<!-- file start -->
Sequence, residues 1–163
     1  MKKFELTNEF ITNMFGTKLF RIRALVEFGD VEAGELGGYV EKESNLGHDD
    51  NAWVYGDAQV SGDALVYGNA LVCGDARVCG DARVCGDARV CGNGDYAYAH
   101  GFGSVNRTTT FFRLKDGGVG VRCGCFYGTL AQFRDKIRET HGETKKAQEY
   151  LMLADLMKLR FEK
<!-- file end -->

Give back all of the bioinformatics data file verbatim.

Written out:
Sequence, residues 1–163
     1  MKKFELTNEF ITNMFGTKLF RIRALVEFGD VEAGELGGYV EKESNLGHDD
    51  NAWVYGDAQV SGDALVYGNA LVCGDARVCG DARVCGDARV CGNGDYAYAH
   101  GFGSVNRTTT FFRLKDGGVG VRCGCFYGTL AQFRDKIRET HGETKKAQEY
   151  LMLADLMKLR FEK